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3 Students Stole, Killed, Ate Frat House's Chicken: Police

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By Brett Snider, Esq. on December 11, 2014 11:28 AM

Three University of Vermont (UVM) students are accused of stealing, killing, and eating a frat house's chicken.

UVM police allege that Cameron Dube, Darien Newman, and Hannah Jackman, all 18, snuck into the Alpha Gamma Rho frat house in Burlington, Vermont, snatched a chicken, then killed, plucked, and ate it. The students were originally facing trespass and theft charges, but the Burlington Free Press reports that the three chicken snatchers have been "referred to the university's reparative board."

What's the deal with this fowl deed?

What the Cluck?

The tree 18-year-old UVM students allegedly decided to make one frat house chicken into a quick dinner. For our money, it sounds like the sort of freshman "Animal House"-style prank that might still occur on many college campuses. (The ones that have chickens, anyhow.) Regardless of the genesis of the chicken plot, sneaking onto private property with the intent to steal something is burglary. And that something can include chickens.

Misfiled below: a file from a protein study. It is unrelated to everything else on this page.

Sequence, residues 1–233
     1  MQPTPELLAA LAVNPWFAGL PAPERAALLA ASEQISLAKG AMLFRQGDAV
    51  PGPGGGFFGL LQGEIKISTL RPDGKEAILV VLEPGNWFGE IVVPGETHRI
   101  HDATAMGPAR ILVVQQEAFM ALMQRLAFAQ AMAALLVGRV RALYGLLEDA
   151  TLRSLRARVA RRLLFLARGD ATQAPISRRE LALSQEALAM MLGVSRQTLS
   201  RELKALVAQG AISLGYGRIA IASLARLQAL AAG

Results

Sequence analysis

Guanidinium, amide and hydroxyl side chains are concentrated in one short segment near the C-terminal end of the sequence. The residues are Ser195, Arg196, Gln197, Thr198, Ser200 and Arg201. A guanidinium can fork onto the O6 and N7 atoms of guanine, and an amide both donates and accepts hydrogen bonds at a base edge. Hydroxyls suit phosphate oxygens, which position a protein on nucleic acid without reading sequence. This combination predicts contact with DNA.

In the case of the three alleged chicken-pluckers, only Dube had been set for arraignment on Thursday, but state prosecutors have now decided to let the case go. The Free Press reports that State's Attorney T.J. Donovan has "declined to prosecute any of them in criminal court," instead letting UVM's reparative justice system handle them.

Criminal courts have their own versions of these programs for young and first-time offenders, trying to make sure stupid plucking mistakes don't ruin their lives.

Animal Cruelty Laws

Although many animal lovers may wish that killing a chicken was a more serious crime, in Vermont and many other states, it's likely to amount only to animal cruelty. In fact, Vermont's animal cruelty laws might only have threatened the accused chicken-snatchers with up to one year in jail for stealing and killing the frat house's chicken.

UVM Deputy Chief Timothy Bilodeau told the Free Press that he believes stealing an animal that doesn't belong to you and killing it would "satisfy the animal cruelty charge," although he declined to say what the students' motives were for stealing the chicken in the first place.

It seems likely these three freshmen will receive some sort of UVM-sanctioned community service or probation to make amends for allegedly kidnapping and devouring the bird. Maybe even double secret probation.

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